Discussion in 'Paper Money' started by Facevalue, Mar 15, 2019 at 3:03 PM.
Anyone seen this before?
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Yes. It happens.
I've not seen it that obvious before. In the third over printing, the black seal, directly above the left side serial #, is printed and I suppose it could have darkened the serial number, but I'm not that versed on the process of inking. I'm sure
SteveInTampa or one of the other currency experts would know.
I don't believe it is 2 different colored inks. Yes the lower left is a little darker than the upper right. Depends on the way the plate/ bed was inked and which side got more and which side got less.
The green ink can be attacked by chemicals in the environment causing it to fade, change shades or even look yellowish. In addition, all the green on the front is printed at the same time, so there really isn't a way for there to be 2 diff inks.
Your note has seen a lot of circulation and was exposed to something that caused part of it too fade
Yes it does happen.
It's more dramatic than I've seen before, but it'll probably be not-too-uncommon going forward. The new computerized numbering heads that are used on LEPE are so large that they can't be packed tightly enough together to print all the serials on a sheet in a single operation. So there's one set of numbering heads that print the left serials on all the notes on the sheet, and another set that print the right serials on all the notes on the sheet. And if the ink feeding one batch or the other isn't mixed just right, you get a note like this one.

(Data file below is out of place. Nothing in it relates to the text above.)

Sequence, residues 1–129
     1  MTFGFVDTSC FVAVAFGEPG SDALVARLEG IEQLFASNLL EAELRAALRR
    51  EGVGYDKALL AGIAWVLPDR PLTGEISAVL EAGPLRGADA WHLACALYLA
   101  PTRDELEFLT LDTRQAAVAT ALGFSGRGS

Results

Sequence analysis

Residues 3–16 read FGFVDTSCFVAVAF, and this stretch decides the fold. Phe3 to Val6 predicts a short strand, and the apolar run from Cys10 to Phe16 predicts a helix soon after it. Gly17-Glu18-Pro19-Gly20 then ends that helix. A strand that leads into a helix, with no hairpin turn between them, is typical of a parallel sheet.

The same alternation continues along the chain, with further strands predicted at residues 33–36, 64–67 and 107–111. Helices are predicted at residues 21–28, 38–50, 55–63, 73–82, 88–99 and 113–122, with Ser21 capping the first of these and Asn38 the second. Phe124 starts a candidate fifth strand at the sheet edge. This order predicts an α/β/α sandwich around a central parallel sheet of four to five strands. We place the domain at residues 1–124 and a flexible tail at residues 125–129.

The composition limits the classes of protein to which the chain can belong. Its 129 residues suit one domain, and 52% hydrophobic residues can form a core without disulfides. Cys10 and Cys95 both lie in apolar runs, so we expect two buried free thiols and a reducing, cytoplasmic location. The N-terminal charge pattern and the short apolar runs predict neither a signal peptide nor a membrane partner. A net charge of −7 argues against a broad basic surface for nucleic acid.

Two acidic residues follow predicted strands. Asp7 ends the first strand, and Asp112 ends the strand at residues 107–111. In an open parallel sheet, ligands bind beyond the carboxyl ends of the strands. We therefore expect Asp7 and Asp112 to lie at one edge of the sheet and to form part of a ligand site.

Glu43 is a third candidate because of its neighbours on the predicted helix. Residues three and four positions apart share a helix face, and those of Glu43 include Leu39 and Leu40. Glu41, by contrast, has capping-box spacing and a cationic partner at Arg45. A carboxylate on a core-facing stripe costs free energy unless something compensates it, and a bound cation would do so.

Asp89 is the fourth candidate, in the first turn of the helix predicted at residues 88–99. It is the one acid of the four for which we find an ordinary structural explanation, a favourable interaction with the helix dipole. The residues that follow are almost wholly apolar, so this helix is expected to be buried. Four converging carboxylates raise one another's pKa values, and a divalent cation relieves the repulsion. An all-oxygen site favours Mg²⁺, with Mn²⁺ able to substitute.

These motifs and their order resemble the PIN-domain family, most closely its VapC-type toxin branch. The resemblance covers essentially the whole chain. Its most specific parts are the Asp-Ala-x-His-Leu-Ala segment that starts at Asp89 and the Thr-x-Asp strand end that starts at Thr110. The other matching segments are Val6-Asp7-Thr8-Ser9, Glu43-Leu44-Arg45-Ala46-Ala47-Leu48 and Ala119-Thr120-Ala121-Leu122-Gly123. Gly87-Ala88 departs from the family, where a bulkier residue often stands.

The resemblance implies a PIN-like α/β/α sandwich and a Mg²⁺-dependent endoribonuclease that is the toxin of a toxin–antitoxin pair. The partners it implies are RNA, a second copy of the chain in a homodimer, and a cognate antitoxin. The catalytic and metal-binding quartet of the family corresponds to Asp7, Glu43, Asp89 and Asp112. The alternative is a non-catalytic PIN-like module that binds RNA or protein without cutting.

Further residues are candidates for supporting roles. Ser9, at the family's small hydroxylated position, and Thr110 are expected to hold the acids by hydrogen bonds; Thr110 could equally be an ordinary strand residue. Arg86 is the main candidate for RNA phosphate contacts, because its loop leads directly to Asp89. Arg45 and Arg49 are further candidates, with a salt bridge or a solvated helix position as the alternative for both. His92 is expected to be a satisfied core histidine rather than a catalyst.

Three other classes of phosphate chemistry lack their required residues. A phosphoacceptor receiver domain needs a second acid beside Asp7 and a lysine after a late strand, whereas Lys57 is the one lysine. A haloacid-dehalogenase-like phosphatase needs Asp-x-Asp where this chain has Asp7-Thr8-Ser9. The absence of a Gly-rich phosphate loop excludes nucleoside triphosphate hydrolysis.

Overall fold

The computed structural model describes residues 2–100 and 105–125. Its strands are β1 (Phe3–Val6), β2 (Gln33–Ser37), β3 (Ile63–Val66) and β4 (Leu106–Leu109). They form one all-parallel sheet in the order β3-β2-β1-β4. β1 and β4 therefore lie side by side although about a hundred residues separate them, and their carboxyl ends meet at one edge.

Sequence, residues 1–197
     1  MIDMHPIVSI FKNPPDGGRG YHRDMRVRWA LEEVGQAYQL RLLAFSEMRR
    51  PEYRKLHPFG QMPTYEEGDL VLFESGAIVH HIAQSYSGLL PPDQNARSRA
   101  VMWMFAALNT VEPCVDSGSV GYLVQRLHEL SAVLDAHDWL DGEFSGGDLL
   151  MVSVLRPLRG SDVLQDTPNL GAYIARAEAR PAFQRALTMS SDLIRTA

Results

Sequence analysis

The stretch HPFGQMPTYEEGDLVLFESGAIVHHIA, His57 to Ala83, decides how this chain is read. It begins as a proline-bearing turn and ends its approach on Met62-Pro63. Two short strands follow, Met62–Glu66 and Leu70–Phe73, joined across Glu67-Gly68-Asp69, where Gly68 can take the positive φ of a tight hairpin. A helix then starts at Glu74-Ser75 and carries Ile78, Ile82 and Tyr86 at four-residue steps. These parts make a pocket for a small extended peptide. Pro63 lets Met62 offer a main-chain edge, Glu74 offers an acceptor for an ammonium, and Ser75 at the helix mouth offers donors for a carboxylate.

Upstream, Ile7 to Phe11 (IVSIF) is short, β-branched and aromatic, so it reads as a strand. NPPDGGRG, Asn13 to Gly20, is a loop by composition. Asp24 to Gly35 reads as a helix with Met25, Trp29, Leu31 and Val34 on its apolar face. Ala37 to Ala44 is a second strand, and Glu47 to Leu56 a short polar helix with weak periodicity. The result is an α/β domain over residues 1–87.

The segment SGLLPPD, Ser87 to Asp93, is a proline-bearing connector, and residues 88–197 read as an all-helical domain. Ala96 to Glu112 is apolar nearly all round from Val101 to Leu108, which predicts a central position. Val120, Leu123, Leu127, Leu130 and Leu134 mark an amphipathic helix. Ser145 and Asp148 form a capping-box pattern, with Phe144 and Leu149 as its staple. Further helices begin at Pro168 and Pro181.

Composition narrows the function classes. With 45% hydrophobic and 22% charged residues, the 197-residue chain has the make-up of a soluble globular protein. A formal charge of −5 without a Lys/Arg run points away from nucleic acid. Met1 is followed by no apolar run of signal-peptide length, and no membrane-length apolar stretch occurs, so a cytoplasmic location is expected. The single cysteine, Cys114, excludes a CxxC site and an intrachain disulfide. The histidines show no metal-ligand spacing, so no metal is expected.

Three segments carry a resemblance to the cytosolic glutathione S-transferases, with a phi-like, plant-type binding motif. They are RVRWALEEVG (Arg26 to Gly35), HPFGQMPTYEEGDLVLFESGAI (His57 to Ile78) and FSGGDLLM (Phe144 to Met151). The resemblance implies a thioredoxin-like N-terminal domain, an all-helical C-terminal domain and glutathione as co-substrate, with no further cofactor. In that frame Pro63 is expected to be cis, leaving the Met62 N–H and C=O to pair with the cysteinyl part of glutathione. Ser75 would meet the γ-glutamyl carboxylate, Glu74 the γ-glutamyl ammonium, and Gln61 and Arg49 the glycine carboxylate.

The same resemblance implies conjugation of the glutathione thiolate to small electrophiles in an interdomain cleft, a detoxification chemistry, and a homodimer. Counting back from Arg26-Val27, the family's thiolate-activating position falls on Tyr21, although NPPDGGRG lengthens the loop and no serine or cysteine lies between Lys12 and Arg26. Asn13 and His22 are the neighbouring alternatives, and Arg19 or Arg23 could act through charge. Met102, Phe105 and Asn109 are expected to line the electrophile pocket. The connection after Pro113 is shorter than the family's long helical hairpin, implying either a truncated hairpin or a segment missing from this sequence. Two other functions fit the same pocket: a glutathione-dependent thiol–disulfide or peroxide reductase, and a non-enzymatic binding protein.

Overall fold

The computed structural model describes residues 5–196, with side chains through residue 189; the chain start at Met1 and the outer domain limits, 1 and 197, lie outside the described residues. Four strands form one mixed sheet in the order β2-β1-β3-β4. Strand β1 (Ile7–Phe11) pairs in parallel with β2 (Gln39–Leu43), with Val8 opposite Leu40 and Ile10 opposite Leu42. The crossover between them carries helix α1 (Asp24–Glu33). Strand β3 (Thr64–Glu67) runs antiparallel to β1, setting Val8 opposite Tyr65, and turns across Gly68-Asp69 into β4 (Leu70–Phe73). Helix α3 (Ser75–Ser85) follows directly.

(The older COPE lines print all the serials on a sheet in one pass, so they presumably can't produce an effect like this. But COPE does print the green seal separately from the green serials, and occasionally they do appear to be two slightly different shades of green.)
I thought at first that lighting may be influencing the colors so I tried to duplicate the photo with a note of my own. It does make a little difference, but not as much as the OP’s note.
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